The Bulldog has a history of being bred as a fighting dog—that was a long time ago, though. Today’s Bulldogs are much gentler and sweeter than their ancestors. Bulldogs Are Beautiful Day, which takes place annually on April 21, is dedicated to appreciating these popular dogs.
All that said, Bulldog breeding is controversial for health and welfare reasons. In this post, we’ll explore the Bulldog’s history and why they’re popular, but also the health and welfare concerns surrounding the breed that every Bulldog enthusiast and potential owner should know about.
Bulldogs Are Beautiful Day: History
Bulldogs were officially recognized for the first time on April 21, 1886, which is why Bulldogs Are Beautiful Day is celebrated on that day each year.
Bulldogs originated in England and most likely date back to the 13th century, the century they are believed to have been first bred as blood sport dogs. This continued through medieval times, with Bulldogs commonly taking part in bull baiting.
When blood sports were banned in 1835, organizers began to use Bulldogs as pit-fighting dogs; these events were carried out illegally in underground locations like cellars. This so-called “sport” was incredibly cruel in nature, forcing dogs to fight one another to the death or kill rats in a pit. To create a nimbler version of the Bulldog for this purpose, they began to be crossed with terriers.
Not everyone wanted to use Bulldogs for fighting, though. Fanciers of the breed decided to hone it to create a companion dog rather than a gladiator-type dog. Both the Bulldog’s physical features and temperament were improved, which made them “cuter” and more appealing to the general public.
As a result, Bulldogs grew to be incredibly popular, even becoming England’s national symbol and mascot. Today, they are greatly appreciated for being, in general, sweet-natured, friendly, people-oriented, and mellow dogs. They are currently the sixth most popular breed in the United States according to the AKC’s breed popularity ranking.
Interesting Bulldog Facts
1. Bulldogs Are Common Mascots
In addition to being England’s national symbol, the Bulldog is the mascot for 49 U.S. university sports teams. This includes Yale and Georgetown.
2. Bulldogs Have Been Associated with Churchill
In the Second World War, Winston Churchill, Prime Minister of the U.K., began to be associated with Bulldogs because both were viewed as symbols of tenacity and courage. Churchill’s first dog was a Bulldog named Dodo, and he later owned a Poodle named Rufus. He was also fond of various other animals including cats, horses, and fish.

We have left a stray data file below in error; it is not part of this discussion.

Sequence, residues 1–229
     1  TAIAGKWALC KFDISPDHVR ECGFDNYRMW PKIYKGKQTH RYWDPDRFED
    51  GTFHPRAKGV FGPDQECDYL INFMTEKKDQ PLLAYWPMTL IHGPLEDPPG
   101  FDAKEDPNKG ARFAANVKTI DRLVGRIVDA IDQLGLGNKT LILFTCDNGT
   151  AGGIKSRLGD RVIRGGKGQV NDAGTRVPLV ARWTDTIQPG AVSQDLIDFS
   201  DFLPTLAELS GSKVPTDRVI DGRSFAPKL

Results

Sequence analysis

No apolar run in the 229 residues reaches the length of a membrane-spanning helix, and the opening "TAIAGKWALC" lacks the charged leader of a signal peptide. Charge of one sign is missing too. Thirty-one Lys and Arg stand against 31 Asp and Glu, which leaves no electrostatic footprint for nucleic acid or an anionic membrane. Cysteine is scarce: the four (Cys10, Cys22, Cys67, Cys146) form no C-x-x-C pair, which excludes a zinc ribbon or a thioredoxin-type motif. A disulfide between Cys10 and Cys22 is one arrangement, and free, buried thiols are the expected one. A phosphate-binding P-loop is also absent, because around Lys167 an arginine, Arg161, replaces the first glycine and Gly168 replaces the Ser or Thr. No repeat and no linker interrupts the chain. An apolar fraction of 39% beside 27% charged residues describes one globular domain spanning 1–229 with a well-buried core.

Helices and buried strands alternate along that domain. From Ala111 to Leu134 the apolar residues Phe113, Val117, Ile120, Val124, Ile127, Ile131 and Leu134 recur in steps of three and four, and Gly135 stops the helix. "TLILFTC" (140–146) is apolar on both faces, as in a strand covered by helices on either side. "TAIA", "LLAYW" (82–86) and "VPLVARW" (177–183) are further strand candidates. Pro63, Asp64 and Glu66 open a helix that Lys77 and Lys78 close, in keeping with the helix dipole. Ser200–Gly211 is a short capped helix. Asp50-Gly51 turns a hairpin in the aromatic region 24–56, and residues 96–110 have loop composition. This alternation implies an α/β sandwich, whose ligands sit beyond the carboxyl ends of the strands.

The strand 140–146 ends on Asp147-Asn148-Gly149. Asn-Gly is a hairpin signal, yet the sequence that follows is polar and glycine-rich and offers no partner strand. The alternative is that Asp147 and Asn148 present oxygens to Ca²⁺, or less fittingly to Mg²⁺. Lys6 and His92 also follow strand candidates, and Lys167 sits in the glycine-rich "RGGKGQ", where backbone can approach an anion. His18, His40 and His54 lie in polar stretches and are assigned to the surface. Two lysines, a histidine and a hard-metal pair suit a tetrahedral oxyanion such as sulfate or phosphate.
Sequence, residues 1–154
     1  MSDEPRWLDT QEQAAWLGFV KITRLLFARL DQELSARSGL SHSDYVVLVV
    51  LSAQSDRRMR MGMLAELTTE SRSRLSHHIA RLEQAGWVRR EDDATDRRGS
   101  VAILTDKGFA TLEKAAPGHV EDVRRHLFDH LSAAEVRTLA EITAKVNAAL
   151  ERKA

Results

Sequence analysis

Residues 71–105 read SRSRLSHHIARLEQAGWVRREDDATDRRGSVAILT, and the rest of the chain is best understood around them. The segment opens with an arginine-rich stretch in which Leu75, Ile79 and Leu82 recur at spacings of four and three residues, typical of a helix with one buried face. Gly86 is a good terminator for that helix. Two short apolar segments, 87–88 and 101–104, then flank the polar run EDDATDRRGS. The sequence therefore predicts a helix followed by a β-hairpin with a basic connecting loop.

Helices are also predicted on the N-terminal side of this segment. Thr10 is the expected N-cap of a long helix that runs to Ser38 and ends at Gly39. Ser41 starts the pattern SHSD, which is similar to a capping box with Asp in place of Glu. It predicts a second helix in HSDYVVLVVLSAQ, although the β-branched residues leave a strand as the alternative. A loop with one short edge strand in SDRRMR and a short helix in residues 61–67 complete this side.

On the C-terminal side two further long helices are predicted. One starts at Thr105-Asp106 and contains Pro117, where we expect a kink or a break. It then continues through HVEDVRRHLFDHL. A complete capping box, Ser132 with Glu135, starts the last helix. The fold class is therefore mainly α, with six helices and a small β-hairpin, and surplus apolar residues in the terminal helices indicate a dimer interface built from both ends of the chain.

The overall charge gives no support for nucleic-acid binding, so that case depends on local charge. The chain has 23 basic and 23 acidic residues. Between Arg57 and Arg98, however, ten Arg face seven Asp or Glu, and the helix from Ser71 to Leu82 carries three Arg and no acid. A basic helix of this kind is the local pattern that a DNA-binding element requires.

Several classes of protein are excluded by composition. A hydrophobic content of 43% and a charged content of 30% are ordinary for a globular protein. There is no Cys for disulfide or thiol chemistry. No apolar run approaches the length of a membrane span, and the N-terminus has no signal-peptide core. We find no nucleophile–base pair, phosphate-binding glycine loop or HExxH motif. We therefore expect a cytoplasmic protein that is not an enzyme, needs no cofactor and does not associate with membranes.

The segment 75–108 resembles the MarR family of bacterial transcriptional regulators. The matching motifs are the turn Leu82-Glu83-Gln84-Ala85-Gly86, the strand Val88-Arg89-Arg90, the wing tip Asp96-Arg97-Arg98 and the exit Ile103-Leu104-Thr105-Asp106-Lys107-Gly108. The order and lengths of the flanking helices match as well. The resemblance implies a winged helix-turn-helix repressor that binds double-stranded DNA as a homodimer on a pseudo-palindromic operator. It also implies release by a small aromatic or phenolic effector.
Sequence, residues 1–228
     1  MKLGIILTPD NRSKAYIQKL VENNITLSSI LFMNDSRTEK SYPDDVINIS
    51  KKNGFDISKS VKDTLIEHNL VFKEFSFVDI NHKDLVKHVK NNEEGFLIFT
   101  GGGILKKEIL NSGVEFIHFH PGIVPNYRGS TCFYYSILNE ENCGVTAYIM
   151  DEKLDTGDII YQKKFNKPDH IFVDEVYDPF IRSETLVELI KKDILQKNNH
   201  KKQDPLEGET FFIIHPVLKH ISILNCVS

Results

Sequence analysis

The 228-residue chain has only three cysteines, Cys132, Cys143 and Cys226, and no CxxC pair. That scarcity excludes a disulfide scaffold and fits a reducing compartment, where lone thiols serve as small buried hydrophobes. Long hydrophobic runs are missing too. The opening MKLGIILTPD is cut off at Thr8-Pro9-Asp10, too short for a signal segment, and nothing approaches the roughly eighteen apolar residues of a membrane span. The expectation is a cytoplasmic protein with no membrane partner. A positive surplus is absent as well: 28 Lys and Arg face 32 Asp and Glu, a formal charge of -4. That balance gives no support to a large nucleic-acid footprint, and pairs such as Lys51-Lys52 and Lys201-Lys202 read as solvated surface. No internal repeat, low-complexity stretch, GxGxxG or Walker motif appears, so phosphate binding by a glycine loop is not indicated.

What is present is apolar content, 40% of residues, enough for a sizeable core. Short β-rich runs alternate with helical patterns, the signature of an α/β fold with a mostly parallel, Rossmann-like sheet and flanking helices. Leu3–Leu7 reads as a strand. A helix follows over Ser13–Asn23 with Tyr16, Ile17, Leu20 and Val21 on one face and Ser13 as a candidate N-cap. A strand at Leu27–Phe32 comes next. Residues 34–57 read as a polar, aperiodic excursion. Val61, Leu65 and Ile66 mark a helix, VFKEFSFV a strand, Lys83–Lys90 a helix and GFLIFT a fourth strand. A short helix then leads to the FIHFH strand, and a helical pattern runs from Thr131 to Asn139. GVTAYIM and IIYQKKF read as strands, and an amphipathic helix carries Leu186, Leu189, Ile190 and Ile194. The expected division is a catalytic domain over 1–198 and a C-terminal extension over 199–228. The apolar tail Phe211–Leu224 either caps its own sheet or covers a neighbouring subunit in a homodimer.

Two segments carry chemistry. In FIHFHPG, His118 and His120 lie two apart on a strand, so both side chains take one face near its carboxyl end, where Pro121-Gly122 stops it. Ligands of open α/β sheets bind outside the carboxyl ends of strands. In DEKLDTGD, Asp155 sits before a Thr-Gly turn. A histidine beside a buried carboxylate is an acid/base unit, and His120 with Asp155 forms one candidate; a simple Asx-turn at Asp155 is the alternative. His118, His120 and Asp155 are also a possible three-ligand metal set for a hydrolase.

3. Bulldogs Are World Record Breakers
In 2015, a Bulldog named Otto from Lima, Peru broke the world record for the longest human tunnel traveled through by a skateboarding dog. Otto’s Instagram account reveals that he also enjoys surfing, skimboarding, and sandboarding.
4. Calvin Coolidge Was a Bulldog Owner
The 30th U.S. president’s Bulldog had a very unique name, too: Boston Beans.
How Is Bulldogs Are Beautiful Day Celebrated?
While some are content to offer their Bulldogs a bit of extra pampering on April 21, some hold full-on events. Drake University, for example, holds a Bulldog beauty contest. Similar events are also held in other U.S. locations and around the world. Some organizations may spend the day raising awareness about Bulldogs and educating people about their historical significance.
Living with a Bulldog
Bulldogs are generally very family-oriented dogs with patient and docile temperaments when well-socialized. They’re not the most demanding of dogs in terms of exercise, only requiring a moderate amount daily; brisk walks are a good idea, along with some short play sessions at home.
Bulldogs also need a healthy, monitored diet to make sure they don’t put on too much weight, and a bi or tri-weekly 10-minute brushing session. The nails need to be trimmed, and the ears, area under the tail, and wrinkles (more on this farther down) should be checked regularly.
They can be pretty high-maintenance when it comes to healthcare, though, which leads us to our next point, which is all about health and welfare concerns for Bulldogs.
Bulldog Health & Welfare Issues
It’s important for potential Bulldog parents to know that this breed is linked to a number of significant health issues. As a brachycephalic (flat-faced) breed, the Bulldog is prone to breathing difficulties, and this manifests in various ways, including snoring, noisy breathing, wheezing, coughing, vomiting, and heat intolerance. Bulldogs and summer weather do not go together because these dogs overheat quite easily. Breathing issues may also make it difficult for Bulldogs to exercise comfortably, which can lead to weight gain.
In addition to brachycephalic airway syndrome, Bulldogs can suffer because of their famous wrinkles. These might look cute, but they can easily get dirty and infected due to bacteria building up in the folds. It’s essential to keep a close eye on the skin folds and clean them out if necessary.
Unfortunately, the risks don’t stop there. Bulldogs are prone to various other conditions, including joint problems, eye and eyelid conditions, and trouble giving birth, which means they usually need a caesarian.
As you can imagine, these potential health issues can make life very uncomfortable for a Bulldog, which is why the practice of breeding Bulldogs is so controversial. In fact, experts from the Royal Veterinary College in the U.K. have urged people to stop buying Bulldogs until the breed is “reshaped”.
Bulldogs are truly lovely, sweet dogs, which is what Bulldogs Are Beautiful Day is all about, but we’d urge you to think carefully before buying one (or any other brachycephalic breed, including French Bulldogs and Pugs) because of the multitude of health issues these dogs can suffer from. If you’re set on getting a Bulldog, we’d urge you to consider adopting one in need from a rescue association.